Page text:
Those marauding pirates who infest certain cities and rob hardworking photographers

“Such miserable pirates are too sordid to engage a photographer to make a special series for them; they prefer to rob an already poorly paid class of men-men who have to depend for their living upon the sale of views taken during the short summer months.”


Most photographers today believe that the problems of image piracy began with the Internet in the 1990s and the switch over to digital in the 2000s.
That’s what I thought too — until this weekend when I was doing research for a book project on the archive site   I serendipitously  came across some old copies of the Canadian Photographic Journal from 1894 and 1895.  If you read about the problems photographers were facing with image pirates and with news organizations that took images without credit 122 years ago, it appears that things haven’t changed all that much.



WE have on former occasions tried to impress our readers with the vital importance of registering their copyright in photographs that are likely to prove of more than passing importance, and we published in a former number a concise article upon the method of securing such registration in Canada.

We have since received numerous complaints from subscribers who have been victimized by pirate publishers. One of these firms of pirates began by buying a few photograms of a prominent Canadian city at a cost of about twenty-five cents each and then published them as photo engravings in “Souvenir” form at about ten cents the book.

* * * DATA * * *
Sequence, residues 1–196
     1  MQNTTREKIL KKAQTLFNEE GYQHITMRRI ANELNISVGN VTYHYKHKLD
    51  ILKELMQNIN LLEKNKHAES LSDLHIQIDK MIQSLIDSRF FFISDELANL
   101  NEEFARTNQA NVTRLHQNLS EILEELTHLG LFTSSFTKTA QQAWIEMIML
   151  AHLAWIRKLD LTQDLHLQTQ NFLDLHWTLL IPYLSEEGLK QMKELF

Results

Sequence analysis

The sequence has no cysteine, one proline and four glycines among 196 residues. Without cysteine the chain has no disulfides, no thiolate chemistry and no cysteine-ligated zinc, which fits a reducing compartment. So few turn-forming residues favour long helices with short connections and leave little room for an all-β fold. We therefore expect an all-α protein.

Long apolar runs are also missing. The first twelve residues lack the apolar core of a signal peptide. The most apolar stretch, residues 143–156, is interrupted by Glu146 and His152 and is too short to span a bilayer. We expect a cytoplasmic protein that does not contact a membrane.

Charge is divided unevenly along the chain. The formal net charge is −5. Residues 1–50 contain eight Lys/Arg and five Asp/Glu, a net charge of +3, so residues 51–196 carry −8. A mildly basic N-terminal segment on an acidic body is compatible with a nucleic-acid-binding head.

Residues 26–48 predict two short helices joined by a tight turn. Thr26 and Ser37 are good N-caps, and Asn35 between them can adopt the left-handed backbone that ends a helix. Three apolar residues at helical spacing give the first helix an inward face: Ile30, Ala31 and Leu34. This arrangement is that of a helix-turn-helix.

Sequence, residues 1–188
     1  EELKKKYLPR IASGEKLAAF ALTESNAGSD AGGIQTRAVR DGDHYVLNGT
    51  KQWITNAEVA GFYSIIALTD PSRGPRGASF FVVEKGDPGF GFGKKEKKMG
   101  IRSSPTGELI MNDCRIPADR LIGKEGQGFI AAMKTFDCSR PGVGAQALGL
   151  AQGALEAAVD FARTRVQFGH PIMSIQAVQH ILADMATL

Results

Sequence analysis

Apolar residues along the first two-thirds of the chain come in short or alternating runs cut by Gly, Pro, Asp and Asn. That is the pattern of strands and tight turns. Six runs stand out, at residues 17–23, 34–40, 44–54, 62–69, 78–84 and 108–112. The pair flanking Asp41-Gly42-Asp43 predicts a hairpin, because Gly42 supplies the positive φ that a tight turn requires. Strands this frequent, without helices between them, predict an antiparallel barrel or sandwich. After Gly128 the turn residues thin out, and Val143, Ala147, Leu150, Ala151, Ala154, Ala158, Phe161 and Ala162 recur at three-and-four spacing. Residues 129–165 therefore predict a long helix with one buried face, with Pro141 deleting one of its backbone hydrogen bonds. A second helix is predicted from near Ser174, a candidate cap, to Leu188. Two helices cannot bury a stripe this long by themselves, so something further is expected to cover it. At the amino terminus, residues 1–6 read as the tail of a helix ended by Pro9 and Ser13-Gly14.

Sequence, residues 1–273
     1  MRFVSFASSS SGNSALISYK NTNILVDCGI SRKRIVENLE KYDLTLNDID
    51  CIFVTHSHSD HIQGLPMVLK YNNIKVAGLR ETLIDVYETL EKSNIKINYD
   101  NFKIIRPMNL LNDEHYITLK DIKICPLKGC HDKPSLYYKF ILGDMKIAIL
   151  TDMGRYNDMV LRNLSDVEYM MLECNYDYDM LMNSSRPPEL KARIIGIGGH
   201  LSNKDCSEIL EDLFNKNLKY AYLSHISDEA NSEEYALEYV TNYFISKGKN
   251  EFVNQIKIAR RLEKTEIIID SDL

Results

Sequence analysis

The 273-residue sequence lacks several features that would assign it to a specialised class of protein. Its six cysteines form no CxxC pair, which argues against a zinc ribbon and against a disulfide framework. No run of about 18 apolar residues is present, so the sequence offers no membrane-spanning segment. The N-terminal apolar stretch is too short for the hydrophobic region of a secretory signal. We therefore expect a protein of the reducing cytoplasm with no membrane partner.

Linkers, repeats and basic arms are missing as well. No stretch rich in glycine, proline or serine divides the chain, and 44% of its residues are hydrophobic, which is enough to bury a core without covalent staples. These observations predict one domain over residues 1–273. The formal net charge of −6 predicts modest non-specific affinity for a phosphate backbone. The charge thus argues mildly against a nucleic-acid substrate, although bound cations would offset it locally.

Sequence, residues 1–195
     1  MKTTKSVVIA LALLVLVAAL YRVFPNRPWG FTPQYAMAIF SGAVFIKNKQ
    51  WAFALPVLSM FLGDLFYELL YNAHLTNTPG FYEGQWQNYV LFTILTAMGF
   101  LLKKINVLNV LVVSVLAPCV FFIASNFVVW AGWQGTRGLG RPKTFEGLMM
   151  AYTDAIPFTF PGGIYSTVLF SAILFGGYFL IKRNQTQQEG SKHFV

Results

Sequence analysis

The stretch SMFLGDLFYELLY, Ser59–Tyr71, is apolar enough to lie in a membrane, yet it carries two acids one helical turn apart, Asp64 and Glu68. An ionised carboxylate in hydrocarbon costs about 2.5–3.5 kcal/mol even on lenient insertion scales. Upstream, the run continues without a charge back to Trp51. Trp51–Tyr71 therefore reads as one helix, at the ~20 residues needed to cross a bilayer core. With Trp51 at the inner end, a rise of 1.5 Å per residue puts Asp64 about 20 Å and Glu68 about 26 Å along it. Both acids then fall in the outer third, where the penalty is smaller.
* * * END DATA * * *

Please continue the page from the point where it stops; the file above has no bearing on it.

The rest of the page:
We do not mean to say the photograms thus collected at so little expense were by any means excellent views, and the reproductions were even worse, but still put upon the market at so low a price-they were sold and must have injured the sale of the original photograms.

We have no battle with publishers of these books so long as they pursue their business in a straightforward manner and give the photographers, whose works they appropriate, adequate remuneration and proper acknowledgment of authorship.

But we have no sympathy with the meanness of those marauding pirates who infest certain cities and rob hardworking photographers of the results of their labors. It is all very well for these people to say they bought and paid for the views they republish, we admit that they did so-but they did not thereby acquire the right to republish those views and sell them in opposition to their original authors.

Such miserable pirates are too sordid to engage a photographer to make a special series for them; they prefer to rob an already poorly paid class of men-men who have to depend for their living upon the sale of views taken during the short summer months.

These same parasitical publishers seem- to be imbued with a natural inborn baseness that prevents them from giving the men they rob credit for being the authors of the original photographs, whereas if they had the decency to publish the names and addresses of the photographers we might consider it in the light of a redeeming act of grace.

How often do we see even in the public press such titles as “Minne-haha Cathedral From a Photograph.”

Why are publishers so averse to give credit where credit is due? Is it because they are ashamed to publish the name of their victim, or is it because they fear he might be a gainer of some notoriety if his name was mentioned?